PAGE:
The women at the front desk of the Rainier Vista Boys and Girls Club in south Seattle know Roy works out daily in this shiny gym for kids built with high-end donor dollars. You can walk in, ask for him through the glass, and they'll hit the buzzer after you sign your name.

It's easy for the manic kids playing foosball in a room adjacent to the gym to love Roy. The high-pitched cracks in his voice disarm as does the light in his eyes and persistent smile. The kids in Seattle celebrate Roy because he's one of them. A star at nearby Garfield High School, then the University of Washington -- Roy is a card-carrying member of "Home Team," the name a group of Seattle-area basketball brethren has given itself.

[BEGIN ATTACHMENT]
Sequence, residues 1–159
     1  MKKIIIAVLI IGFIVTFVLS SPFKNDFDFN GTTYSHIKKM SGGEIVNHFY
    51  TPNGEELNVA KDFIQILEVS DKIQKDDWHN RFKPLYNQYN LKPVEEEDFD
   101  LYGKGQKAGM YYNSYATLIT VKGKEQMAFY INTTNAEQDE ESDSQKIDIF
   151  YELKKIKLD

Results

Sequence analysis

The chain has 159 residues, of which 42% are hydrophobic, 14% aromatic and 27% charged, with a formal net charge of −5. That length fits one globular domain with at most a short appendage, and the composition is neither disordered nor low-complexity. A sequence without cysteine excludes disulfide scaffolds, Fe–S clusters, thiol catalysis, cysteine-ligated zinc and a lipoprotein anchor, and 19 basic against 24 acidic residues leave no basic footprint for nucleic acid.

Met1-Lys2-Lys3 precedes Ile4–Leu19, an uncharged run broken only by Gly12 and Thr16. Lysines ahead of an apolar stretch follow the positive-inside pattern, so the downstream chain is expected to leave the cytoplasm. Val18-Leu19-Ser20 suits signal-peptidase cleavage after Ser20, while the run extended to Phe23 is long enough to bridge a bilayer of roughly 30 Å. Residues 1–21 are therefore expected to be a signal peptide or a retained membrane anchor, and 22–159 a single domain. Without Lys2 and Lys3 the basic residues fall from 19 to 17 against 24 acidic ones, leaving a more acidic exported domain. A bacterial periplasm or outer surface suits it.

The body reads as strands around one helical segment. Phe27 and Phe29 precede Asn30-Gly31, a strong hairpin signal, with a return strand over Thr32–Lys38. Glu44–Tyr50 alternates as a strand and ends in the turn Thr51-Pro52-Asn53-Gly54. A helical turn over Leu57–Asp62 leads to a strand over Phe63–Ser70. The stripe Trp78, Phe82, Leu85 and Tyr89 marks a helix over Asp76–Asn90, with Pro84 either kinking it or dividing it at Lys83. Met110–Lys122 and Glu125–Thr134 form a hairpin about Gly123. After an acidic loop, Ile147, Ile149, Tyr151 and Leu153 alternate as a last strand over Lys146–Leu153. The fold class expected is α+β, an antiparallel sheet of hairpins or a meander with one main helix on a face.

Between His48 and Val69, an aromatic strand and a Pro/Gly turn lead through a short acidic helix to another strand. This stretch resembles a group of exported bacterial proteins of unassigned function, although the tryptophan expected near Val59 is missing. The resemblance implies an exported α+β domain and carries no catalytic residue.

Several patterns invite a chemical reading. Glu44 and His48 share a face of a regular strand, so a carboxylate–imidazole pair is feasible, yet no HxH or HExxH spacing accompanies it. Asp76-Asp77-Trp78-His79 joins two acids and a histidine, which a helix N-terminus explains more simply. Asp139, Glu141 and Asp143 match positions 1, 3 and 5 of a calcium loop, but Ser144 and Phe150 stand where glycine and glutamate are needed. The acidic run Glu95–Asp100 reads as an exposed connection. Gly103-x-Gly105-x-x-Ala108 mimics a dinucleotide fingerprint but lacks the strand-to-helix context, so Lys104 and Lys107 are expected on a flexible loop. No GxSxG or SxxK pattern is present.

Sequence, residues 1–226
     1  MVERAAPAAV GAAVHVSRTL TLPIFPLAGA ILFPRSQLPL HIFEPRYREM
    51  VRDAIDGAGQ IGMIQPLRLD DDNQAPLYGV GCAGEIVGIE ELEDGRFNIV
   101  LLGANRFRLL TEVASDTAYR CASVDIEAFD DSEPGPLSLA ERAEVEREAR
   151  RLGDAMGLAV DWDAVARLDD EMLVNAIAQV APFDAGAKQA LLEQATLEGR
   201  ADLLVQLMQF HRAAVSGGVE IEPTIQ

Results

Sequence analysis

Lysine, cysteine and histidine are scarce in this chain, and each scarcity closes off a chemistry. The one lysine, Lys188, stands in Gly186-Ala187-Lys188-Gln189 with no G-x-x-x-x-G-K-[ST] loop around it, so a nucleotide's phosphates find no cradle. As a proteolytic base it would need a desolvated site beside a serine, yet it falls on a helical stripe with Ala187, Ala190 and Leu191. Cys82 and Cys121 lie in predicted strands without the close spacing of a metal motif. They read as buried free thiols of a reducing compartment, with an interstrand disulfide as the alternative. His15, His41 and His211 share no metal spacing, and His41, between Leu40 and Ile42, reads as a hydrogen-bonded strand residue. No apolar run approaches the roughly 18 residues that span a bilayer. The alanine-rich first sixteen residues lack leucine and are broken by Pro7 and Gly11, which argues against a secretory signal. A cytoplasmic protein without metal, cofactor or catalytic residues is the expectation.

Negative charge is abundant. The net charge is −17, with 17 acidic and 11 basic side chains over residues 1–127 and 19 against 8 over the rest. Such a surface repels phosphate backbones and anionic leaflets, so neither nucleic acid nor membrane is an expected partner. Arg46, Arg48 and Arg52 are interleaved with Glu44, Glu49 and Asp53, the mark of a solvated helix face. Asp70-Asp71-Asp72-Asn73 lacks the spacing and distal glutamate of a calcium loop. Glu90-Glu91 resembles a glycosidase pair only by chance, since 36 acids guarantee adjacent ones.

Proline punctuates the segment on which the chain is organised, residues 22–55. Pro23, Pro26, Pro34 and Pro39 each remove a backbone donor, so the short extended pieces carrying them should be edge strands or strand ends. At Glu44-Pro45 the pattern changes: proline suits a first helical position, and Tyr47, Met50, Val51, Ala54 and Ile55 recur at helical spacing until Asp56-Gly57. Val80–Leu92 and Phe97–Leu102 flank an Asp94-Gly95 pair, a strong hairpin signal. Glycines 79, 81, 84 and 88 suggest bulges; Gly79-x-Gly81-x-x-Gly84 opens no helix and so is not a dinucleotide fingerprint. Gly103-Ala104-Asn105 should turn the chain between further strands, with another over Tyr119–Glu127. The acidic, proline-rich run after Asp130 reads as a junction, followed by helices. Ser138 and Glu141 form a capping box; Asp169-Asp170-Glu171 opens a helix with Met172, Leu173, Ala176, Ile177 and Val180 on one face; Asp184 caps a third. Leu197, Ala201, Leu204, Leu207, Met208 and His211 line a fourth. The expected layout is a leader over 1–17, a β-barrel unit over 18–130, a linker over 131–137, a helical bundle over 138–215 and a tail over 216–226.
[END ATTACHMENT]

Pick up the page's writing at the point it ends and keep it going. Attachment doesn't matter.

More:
Most at the Boys and Girls Club don't know that for the price of a reputable used car the ache in Roy's knees, his confounding, heartbreaking, game-winning hinges, was removed. They don't care he can point to the place a needle re-inserted his blood to provide a second self-healing in less than a year, this one physical, the first one mental and emotional following the sudden, yet temporary, end of his career.